What I do know is that lathes operate at 100-1000 rpm.
Well I guess my idea just went in the trash cause I looked up my router and it is 8k-24k rpm,JR
I have no experience trying this with a router as that does indeed spin very fast. Which means really small items at best. Safety might the real thing to look out for though with possibly pressing a tool to do work well beyond what it was designed to do and withstand. (The workpieces might be heavier, longer, less straight, worse grip than compared to the normal router tools. A long and slightly out of center workpiece might loosen, bend or whip due to centrifugal forces and come looking for you in a hurry). You might instead consider using the router as a tool post grinder and have something else spin the workpiece against it. That way the router is actually used as a router with router tools, but you still get to turn with it. (I've done similar with a battery Dremel and a magnetic drill at a few occasions in off site desperation). As for speeds RPM is just part of the equation. Surface cutting speed is the key and that depends on diameter of the workpiece spinning as well as RPM. The optimal surface cutting speed varies for different types of materials, cutting tools used, depth of cut, machine power, how stiff and rigid your setup is and so on. (As for RPM reference I believe my little metal lathe goes to about 3000 RPM and takes workpieces up to about 8" diameter. The big lathe tops out at about 5500 RPM - it is much heavier and stiffer machine though). The best is likely just finding a nice used lathe. Some great used ones can sometimes be had for a song and a dance.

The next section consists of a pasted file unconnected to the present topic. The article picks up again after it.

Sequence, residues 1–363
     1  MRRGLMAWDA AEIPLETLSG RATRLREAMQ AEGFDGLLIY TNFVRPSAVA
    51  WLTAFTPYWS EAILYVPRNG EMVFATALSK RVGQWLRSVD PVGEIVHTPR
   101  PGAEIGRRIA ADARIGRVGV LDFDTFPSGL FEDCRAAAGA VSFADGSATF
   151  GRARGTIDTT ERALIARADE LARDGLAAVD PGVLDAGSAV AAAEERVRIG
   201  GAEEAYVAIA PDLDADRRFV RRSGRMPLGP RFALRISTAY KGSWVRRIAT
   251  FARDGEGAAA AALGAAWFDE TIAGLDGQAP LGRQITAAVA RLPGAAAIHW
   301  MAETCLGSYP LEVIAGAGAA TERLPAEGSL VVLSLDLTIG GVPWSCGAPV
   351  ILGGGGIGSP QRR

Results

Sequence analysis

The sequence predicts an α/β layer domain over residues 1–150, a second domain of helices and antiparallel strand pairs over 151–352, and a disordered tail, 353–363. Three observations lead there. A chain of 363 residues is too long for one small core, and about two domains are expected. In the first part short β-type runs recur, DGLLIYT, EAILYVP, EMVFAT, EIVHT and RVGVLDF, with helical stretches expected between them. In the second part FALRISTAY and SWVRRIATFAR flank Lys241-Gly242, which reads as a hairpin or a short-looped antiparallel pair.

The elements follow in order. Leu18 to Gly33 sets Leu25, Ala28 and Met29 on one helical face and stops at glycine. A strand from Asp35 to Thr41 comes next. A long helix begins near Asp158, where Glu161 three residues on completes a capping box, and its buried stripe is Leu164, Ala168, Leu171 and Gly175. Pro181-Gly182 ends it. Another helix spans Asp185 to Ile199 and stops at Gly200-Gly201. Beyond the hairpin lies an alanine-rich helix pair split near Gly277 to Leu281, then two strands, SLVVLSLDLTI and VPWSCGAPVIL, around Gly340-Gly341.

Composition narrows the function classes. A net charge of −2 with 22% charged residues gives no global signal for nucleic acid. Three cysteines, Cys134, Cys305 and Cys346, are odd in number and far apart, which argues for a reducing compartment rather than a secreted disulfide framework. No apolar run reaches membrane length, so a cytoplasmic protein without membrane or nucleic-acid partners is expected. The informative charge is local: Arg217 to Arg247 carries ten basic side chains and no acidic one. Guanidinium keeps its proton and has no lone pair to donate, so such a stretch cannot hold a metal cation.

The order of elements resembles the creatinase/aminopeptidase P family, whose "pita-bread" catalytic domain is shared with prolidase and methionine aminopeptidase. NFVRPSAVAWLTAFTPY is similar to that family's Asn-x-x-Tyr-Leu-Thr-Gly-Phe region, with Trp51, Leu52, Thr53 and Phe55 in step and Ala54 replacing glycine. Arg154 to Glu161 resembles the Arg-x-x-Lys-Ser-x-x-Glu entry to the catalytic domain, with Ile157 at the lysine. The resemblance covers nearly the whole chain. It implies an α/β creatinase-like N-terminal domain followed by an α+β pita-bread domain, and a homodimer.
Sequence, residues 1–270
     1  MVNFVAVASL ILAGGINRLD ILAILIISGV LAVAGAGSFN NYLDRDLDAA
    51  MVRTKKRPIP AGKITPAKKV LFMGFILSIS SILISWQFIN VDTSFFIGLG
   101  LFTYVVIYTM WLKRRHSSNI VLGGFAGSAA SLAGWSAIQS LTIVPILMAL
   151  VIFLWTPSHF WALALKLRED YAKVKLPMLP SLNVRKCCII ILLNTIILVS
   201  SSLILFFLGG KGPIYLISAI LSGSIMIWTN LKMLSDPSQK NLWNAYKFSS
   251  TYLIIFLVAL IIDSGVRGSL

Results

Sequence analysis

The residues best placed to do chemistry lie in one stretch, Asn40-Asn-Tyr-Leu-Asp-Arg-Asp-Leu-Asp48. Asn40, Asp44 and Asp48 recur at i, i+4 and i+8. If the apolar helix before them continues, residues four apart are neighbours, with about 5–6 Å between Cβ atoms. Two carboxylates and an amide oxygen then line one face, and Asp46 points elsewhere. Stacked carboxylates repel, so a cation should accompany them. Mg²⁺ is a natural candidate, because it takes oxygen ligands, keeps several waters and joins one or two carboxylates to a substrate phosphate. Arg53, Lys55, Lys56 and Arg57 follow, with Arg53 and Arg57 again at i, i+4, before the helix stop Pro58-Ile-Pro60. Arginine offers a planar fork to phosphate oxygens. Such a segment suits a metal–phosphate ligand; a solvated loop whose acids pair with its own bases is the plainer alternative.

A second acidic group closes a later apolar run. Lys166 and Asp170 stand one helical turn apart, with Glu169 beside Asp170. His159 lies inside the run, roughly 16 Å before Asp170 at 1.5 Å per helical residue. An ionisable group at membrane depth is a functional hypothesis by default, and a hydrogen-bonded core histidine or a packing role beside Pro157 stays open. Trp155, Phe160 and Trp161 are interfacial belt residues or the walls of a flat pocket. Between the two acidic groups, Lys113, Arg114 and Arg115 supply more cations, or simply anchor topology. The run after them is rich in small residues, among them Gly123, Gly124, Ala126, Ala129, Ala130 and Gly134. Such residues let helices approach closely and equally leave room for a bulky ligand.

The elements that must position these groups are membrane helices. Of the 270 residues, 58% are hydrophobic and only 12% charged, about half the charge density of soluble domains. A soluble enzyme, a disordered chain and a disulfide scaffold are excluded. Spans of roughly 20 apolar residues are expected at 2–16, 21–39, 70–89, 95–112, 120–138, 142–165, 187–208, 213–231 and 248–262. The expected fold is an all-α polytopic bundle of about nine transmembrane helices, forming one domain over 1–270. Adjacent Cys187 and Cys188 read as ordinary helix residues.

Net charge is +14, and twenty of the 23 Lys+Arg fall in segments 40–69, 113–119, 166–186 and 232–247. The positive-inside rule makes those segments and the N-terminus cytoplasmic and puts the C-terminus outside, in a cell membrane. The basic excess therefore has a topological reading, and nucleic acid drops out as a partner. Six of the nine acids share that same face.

I've seen affordable adapters for drills...to make them small-purpose lathes...
Unlike a router a drill wont be made for taking much forces sideways, and most drills will likely be wobbling a fair bit around the center. After all their business is mostly about pressing straight down. One thing to consider is that with a machine you often end up with a fair collection of accessories and tools. They often cost more than the machine itself. If you make the machine yourself it might be an idea to make it accept accessories and tools from some existing machine or standard. Otherwise you might have to make all those too.
Either that or just find a broken drill press and mount it sideways?JR